Bill Pohlad specializes in telling the stories of complex people.
He produced 12 Years a Slave (2013), the story of a free black man kidnapped into slavery; Into the Wild (2007), the true story of a college student who chucked everything to live in remote Alaska; and The Tree of Life (2011), a study of a grown man trying to come to terms with the meaning of life.
Pohlad’s newest movie, Love & Mercy, follows that pattern, bringing to the screen the life story of Brian Wilson, the deeply troubled genius behind The Beach Boys’ greatest songs. He previewed it at the Movies for Grownups Film Festival in Miami Beach, where an ecstatic audience of AARP members grooved to dozens of familiar Beach Boys tunes while immersing themselves in one of the truly tragic lives of modern music.
Love & Mercy, which opens nationwide June 5, focuses on two periods in Wilson’s life: The late 1960s, when he was redefining popular music with songs like “Good Vibrations” and “Wouldn’t It Be Nice?”, and the 1980s, when he was under the thumb of an opportunistic doctor who controlled him with drugs and emotional coercion.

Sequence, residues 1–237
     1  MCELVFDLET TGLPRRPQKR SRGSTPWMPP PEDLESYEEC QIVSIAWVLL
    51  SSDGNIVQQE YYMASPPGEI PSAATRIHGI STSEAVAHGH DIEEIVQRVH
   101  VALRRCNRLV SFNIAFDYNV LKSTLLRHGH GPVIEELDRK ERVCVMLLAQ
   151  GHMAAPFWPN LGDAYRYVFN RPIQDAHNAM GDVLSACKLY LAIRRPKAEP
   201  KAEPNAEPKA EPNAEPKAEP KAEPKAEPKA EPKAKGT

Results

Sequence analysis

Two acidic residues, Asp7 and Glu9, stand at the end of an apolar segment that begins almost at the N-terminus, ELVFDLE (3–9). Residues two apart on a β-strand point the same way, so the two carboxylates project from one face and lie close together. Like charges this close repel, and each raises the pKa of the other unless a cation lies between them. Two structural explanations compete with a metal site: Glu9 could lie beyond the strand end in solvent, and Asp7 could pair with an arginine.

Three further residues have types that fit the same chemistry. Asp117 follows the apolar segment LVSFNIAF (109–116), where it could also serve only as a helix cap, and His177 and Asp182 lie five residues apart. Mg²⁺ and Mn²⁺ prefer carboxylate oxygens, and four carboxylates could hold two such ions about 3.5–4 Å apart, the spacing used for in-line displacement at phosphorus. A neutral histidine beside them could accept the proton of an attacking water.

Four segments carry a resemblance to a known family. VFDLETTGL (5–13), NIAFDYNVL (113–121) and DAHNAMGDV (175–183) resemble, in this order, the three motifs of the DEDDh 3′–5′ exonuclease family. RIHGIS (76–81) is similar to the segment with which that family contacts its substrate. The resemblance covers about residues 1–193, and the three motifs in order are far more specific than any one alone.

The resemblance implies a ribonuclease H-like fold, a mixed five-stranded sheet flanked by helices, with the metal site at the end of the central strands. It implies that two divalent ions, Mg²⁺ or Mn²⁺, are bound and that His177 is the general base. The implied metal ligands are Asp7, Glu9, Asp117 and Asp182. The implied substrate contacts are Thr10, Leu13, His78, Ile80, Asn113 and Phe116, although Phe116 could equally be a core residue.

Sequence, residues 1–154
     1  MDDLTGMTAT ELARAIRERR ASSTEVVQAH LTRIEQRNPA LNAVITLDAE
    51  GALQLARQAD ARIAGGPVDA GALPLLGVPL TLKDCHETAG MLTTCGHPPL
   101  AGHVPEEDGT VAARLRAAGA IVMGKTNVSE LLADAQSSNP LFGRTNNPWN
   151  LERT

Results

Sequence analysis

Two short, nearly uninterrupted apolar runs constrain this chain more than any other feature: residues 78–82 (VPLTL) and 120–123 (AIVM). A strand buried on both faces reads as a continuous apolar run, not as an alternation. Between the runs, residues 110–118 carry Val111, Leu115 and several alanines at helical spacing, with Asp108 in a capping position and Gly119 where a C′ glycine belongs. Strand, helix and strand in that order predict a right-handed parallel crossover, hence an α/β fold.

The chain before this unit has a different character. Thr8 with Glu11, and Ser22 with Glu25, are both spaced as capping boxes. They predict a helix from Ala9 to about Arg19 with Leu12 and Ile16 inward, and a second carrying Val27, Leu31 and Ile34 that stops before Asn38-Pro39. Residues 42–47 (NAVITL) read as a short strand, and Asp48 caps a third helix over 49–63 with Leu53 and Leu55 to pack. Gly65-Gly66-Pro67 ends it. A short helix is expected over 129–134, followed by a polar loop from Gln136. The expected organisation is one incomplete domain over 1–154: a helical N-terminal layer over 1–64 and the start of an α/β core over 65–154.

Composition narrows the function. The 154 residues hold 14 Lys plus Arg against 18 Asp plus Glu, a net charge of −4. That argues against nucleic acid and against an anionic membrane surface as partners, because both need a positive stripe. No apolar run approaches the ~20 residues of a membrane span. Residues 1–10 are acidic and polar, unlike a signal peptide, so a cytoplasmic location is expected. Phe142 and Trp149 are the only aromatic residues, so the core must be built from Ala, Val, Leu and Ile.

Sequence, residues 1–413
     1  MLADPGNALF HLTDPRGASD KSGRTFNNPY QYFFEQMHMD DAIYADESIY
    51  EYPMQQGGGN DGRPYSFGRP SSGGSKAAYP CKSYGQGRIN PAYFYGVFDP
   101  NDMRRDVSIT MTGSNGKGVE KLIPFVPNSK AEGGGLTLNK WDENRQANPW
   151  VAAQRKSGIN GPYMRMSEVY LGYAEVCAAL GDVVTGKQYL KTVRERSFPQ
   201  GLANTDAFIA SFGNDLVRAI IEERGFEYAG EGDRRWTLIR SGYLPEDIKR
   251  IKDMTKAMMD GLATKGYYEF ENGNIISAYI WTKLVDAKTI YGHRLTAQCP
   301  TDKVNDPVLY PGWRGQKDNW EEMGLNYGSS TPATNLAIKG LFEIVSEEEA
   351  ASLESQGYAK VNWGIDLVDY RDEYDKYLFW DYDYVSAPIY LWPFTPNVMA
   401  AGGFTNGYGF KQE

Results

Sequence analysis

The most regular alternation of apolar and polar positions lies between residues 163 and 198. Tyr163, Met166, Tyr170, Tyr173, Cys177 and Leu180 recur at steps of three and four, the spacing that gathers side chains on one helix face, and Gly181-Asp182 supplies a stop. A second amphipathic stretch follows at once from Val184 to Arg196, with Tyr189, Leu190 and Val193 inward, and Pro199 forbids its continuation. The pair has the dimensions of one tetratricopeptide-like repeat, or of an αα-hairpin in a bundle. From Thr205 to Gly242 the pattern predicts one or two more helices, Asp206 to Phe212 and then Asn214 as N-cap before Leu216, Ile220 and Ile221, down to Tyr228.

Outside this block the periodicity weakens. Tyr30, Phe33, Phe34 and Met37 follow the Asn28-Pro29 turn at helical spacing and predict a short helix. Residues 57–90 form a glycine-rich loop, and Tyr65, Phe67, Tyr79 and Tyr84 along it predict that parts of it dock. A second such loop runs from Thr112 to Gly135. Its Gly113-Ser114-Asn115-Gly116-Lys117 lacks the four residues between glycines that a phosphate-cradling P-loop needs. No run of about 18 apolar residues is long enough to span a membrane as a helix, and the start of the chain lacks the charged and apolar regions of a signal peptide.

Paul Dano plays the younger Wilson; John Cusack costars as the older version. Their performances vary starkly — precisely the effect he was looking for, Pohlad told AARP’s Meg Grant in a post-screening Q&A.
“I wanted this to be an unconventional biographical film,” said Pohlad. “Instead of just covering every detail of his life, I wanted to focus on these two pivotal times.
“The idea of casting two actors seemed creatively exciting, but more importantly it was reflective of Brian’s life. If you look at pictures of Brian in the 60s and Brian in the 80s, it’s like they are two entirely different people. It just seemed right to do it that way.”
Photo: Bill Newcott